Saturday, 15 March 2014

Reflections and experiences of a leftwing activist.

a mix of serious and fun informal  statements about the left as  a movement.  
  
  • My  Formative political experiences: I've always been anti-authoritarian in spirit. The older I got the more I rebelled against  religious hierarchy/ family hierarchy. I never believed in political parties even at my most mainstream politically. I came to question the school system  around the time of  reading individualist/libertarian stuff. It took me some time of delving deep into that stuff before discovering anarchism debunks right-wing thought.
    But  my life has pretty much always been political. I grew up in  an ex- miners village destroyed by Thatcher. My parents are working class.  Since my teenage years I was aware  of a local  environmentalist  camp opposed to the building of a massive road.  Poverty/ unemployment/bosses/ being shafted on all sides by the State and Capital continuously / worked as a cleaner on army base and saw propaganda from the inside.
  •  I've tried being Liberal, being  Pro- SNP, being a democratic socialist , Worked with S.S.P.  etc. None of them made sense/ fit properly with my experiences.

  •      
    • There's times when I think anarchists are being insular and sectarian  then I discover they don't associate with X person or  X organisation because they're Entryist/Leninist/ authoritarian /full of shit. I find out too late.

    • Since understanding it ,I have never in my life doubted the class struggle exists. I experience it's expressions everywhere. The conditions of my life confirm my politics.
    • What all revolutionaries should learn is patience. The revolution cannot be rushed.
    • We theorize for social change. We should take a pragmatic/pragmatist  approach to theory.
    • It is highly important we recognise the problematic nature of being an activist. Ultimately our roles are not very significant.
    • Whatever anarchists do our behaviour must always be starkly different from the Leninists and Statists.  
    • anarchists are often in the IWW and Wobblies are often anarchists.
    • Not tactic should become routine.
    • some Leninists make me super uncomfortable with Entryist behaviours etc.
    •  Marches are exhilarating breaks from everyday life- chances to express solidarity and rage.  To recruit and radicalize they're useful.  I always say it's better to have a protest or march than to not- to have a visible show of opposition.. But that's all it mounts to. Marches are spectacles which give the illusion of action while allowing for passive involvement in the appearance of resistance. Marches are symbolic acts - the bare minimum of what we should be doing. Far too many especially the Trotskyists and Leninists believe they represent effective resistance or enter into them uncritically.
    • Maybe I should go to marches for specific reforms e.g. pro-choice or against specific people/ organisations e.g. anti-workfare etc. If we can't get to them there is little point. Large marches have the disadvantage of involving naïve reformists. The problem in marches against capitalist or bigger systems and issues is we never actually confront them on the march since they  are not embodied specifically in one person or thing. Even on an anti-tory march for example, we would need to physically disrupt them to be effective otherwise it is mere theatre and ply rebellion. I'm much too cynical and skeptical for that. I think this is how anarchists should understand marches. It seems the right viewpoint both in theory and in practice.

     
    • It's always awkward to encounter fans of Lenin, Che, Castro, Chavez, Mao etc.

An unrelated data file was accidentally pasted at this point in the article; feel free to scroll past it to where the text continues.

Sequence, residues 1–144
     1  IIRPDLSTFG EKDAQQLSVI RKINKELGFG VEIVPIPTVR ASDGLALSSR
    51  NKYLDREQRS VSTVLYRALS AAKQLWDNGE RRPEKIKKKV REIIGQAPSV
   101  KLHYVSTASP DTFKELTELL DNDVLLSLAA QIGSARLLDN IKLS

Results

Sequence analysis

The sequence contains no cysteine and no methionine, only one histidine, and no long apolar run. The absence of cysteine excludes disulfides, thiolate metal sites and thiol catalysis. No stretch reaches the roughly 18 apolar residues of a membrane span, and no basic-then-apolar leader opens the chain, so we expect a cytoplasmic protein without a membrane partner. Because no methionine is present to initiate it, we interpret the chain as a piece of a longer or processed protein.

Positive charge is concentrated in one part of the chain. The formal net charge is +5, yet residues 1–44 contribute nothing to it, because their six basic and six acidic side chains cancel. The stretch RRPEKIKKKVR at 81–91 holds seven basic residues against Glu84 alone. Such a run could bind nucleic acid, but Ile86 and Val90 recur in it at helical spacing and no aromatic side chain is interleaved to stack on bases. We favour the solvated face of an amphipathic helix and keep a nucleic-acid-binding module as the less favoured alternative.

• Psychologically, Capitalism is killing us.
    •Often I find myself protesting or hanging out with people I have major disagreements with-liberals, greens, Leninists, parliamentary socialists etc.    
    •When I get to hang out with anarchists it feels so refreshing.    
    •I hate talk of 'Left unity' or of escaping the left/right paradigm.
    • The contrast between political  parties and Occupy could not be more stark. I oppose the Leninist party structure of 'democratic centralism'
    • activism is hard work but it shouldn't kill you like work.
    • activism is not a job. activism should not feel a burden or sap away your life force. It should not exist over you like a demon, a reified concept. Activism is not unproblematic. We should not become insular "specialists in social change".
    • Give up Activism An article from Do or Die Issue 9- Criticism of risks and dangers in activism e.g. "Historically, those movements that have come the closest to de-stabilising or removing or going beyond capitalism have not at all taken the form of activism. Activism is essentially a political form and a method of operating suited to liberal reformism that is being pushed beyond its own limits and used for revolutionary purposes. The activist role in itself must be problematic for those who desire social revolution". I don't think the points raised in this can be ignored. Just not sure what to do about them either -always good to be self critical however.  
     
    •There's a fair amount of unspoken tension on the left.    
    •I couldn't hang out with right wingers. 'apolitical' folk at best. I've hung out with a UKipper and I couldn't leave fast enough. In the interests of staying out of jail, it's best I'm not forced to spend time with fascists.    
    •Some leftists act like celebrities and develop cults of personality pretty much turning up to things for photo ops  e.g. The SWP .    
    •I've stayed  in the cold giving out leaflets in the street freezing my ass off because I believe in wht I'm doing. Not for the goodness of my image or to be trendy.    
    •Most leftists I know are pro-Scottish Independence. It's increasingly awkward as I reject both sides now.    
    •I despise UNITE and UNISON (The TUC too) even though their  members in the rank and file level are cool. The TUC are sell outs.    
    •The next person to try to sell me the socialist worker gets it shoved up their arse.    
    •Occupy changed my life and many others. Once you've done it you can never go back to how things were before. You view space differently. You see any empty spaces as potential camps, you see squat spaces, skipping places and hiding places.    
    •I know I'm biased but the Left have more fun. We have some of the best socials nd parties.    
    •What is it with leftists buying wine. Not having  a go, just making an observation.    
    •We argued once about which version of The Internationale we preferred.    
    •a Maoist once told me he'd shoot me if it came to it.